Jan. 9 (Bloomberg) -- Treasuries rose after yields at almost more than two-year highs attracted higher-than-average bids at the U.S. auction of $13 billion of 30-year bonds.
The sale’s bid-to-cover ratio, which gauges demand by comparing the amount bid with the amount offered, was 2.57, the most since October and compared with an average of 2.38 at the past 10 auctions. U.S. debt fluctuated earlier before a government report tomorrow forecast to show the nation’s jobless rate held at a five-year low amid speculation the Federal Reserve may further curtail its monthly bond-buying.
“The market isn’t ready to push yields on the long end to much higher and as such the auction was pretty strong after cheapening up into the sale,” said Justin Lederer, an interest-rate strategist at Cantor Fitzgerald LP in New York, one of 21 primary dealers required to bid at the auctions.
The current 30-year bond yield fell one basis points, or 0.02 percentage point, to 3.88 percent at 5:02 p.m. in New York, according to Bloomberg Bond Trader prices. The 3.75 percent securities due in November 2043 gained 7/32, or $2.19 per $1,000 face amount, to 97 23/32. The yield reached 3.97 percent on Jan. 2, the highest since August 2011
Benchmark 10-year yields lost two basis points to 2.97 percent. They climbed to 3.05 percent on Jan. 2, the highest since July 2011.
The bond auction drew a yield of 3.899 percent, compared with the median estimate of 3.914 percent in in a Bloomberg News survey of 10 of the Fed’s primary dealers.
Indirect bidders, a class of investors that includes foreign central banks, bought 44.4 percent of the bonds, compared with 46 percent of last month’s offering, the most since April 2011. The average at the past 10 offerings was 39.4 percent.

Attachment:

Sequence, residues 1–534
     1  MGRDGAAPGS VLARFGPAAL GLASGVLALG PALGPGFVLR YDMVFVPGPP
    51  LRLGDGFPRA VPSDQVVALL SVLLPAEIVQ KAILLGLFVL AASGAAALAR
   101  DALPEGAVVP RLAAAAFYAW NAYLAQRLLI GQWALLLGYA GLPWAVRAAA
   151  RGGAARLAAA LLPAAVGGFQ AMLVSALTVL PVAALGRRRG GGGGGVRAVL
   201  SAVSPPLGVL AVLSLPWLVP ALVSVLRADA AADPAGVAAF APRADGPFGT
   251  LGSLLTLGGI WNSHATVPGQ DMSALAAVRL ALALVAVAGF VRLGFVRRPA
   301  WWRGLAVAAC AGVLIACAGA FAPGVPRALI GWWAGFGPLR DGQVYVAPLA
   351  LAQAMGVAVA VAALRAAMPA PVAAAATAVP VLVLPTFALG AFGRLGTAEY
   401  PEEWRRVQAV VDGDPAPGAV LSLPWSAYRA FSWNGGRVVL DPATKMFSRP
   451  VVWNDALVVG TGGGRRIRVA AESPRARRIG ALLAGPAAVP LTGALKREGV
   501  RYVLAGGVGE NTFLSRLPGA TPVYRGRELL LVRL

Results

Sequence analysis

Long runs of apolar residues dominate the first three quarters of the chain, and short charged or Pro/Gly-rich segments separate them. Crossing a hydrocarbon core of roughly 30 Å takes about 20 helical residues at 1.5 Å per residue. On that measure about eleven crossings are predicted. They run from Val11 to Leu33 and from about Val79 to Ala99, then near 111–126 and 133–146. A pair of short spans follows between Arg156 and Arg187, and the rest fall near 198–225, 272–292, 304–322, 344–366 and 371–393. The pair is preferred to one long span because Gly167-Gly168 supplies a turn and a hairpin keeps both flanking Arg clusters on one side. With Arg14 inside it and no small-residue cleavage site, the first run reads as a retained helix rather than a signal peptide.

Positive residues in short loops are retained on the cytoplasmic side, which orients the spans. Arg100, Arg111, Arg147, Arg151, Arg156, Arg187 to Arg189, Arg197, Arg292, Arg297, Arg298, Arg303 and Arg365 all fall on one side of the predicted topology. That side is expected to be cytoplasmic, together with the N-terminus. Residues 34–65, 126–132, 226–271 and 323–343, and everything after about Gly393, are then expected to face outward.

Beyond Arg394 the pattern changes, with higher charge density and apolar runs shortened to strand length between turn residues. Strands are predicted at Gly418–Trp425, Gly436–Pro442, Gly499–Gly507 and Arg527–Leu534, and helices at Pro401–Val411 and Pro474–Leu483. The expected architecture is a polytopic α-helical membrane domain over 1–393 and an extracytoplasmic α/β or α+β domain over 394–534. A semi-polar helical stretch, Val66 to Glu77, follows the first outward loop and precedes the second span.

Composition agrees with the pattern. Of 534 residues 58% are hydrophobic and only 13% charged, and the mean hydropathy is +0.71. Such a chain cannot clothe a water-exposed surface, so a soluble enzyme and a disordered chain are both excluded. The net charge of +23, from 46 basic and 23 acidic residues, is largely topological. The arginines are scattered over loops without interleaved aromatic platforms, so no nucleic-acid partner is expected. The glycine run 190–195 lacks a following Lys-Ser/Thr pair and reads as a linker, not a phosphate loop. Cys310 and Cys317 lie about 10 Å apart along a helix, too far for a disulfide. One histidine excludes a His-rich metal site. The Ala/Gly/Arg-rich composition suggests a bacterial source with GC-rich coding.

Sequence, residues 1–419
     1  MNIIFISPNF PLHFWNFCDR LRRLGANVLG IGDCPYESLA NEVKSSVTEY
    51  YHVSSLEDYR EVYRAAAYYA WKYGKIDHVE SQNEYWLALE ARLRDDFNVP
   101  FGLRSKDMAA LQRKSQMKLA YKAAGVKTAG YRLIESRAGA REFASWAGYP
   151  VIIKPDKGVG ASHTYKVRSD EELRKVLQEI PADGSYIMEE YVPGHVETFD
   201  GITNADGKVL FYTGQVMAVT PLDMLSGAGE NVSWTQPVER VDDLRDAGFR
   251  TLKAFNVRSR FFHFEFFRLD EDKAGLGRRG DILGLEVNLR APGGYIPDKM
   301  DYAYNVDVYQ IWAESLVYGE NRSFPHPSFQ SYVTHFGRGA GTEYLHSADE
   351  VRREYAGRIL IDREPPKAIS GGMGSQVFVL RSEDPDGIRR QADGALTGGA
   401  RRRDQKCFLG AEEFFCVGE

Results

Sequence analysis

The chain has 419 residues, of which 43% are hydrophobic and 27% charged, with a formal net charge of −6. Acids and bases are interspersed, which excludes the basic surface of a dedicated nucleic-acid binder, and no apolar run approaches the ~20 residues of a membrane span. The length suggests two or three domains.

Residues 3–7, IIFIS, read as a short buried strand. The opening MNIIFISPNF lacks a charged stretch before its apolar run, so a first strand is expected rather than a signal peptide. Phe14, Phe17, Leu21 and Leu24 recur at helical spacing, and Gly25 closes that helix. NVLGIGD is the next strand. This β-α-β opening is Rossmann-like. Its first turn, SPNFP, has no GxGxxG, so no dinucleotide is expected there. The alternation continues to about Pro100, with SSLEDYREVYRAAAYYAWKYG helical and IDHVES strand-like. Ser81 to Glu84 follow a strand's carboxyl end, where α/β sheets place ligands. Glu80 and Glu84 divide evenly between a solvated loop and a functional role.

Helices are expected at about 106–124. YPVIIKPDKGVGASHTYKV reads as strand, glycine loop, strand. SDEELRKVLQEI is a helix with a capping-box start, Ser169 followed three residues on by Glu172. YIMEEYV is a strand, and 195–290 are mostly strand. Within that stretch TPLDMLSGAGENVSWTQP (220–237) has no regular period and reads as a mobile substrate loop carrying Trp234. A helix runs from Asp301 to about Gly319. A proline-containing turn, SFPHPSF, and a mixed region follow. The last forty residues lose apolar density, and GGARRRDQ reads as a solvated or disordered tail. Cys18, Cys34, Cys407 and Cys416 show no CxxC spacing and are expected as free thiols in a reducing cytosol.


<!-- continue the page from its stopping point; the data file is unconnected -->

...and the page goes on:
Direct bidders, non-primary-dealer investors that place their bids directly with the Treasury, purchased 17.5 percent of the offering, versus 12.5 percent at last month’s sale. The average for the past 10 auctions is 15.6 percent.
The auction was the final of three note and bond offerings this week. The U.S. sold $30 billion of three-year debt on Jan. 7 at a yield of 0.799 percent and $21 billion of 10-year securities yesterday at a yield of 3.009 percent.
Investors “are willing to bid for an attractive yield,” George Goncalves, New York-based head of interest-rate strategy at the primary dealer Nomura Holdings Inc., wrote in a note to clients.
Pacific Investment Management Co.’s Bill Gross said investors should focus on shorter-maturity debt as the slow pace of inflation signals the Fed’s benchmark rate will remain at almost zero until at least 2016.
The Fed’s preferred inflation measure has been below its 2 percent target for 19 months. The personal consumption expenditures index, showed prices rose 0.9 percent in the 12 months ended in November, the Commerce Department said Dec. 23. The gauge hasn’t been above 2 percent since April 2012.
“Bond prices -- especially those at the front end of the yield curves, say one to five years, are critically dependent on the future level of fed funds, not the glide path of the almost preordered Fed taper,” of its bond purchases, Gross, manager of the world’s biggest bond fund, wrote in his monthly investment outlook posted on Newport Beach, California-based Pimco’s website.
U.S. 30-year bonds lost 15.1 percent last year and 10-year notes dropped 7.8 percent, according to Bank of America Merrill Lynch indexes, as the Fed prepared to taper its bond buying. Policy makers are cutting purchases to $75 billion a month from $85 billion starting this month.
The Labor Department will say tomorrow employers added 197,000 workers in December, versus 203,000 the previous month, the median estimate of economists surveyed by Bloomberg shows. The unemployment rate will remain at 7 percent, based on the responses.
“We are range-bound as the market is pricing in a jobs report of more than 200,000 new jobs,” said Ira Jersey, an interest-rate strategist at Credit Suisse Group AG in New York, a primary dealer. “It will take a big miss one way or another to stray from these yield levels.”
Ten-year yields will rise to 3.4 percent by Dec. 31, according to Jennifer Vail, head of fixed-income research at Minneapolis based U.S. Bank Wealth Management, which oversees $112 billion. The yield will reach 3.42 percent, according to a Bloomberg survey of financial companies with the most recent forecasts given the heaviest weighting.
“We do expect more strength in the labor market and the broader economy, and the Fed has reserved the right to speed up taper if they need to, which means higher rates,” she said.
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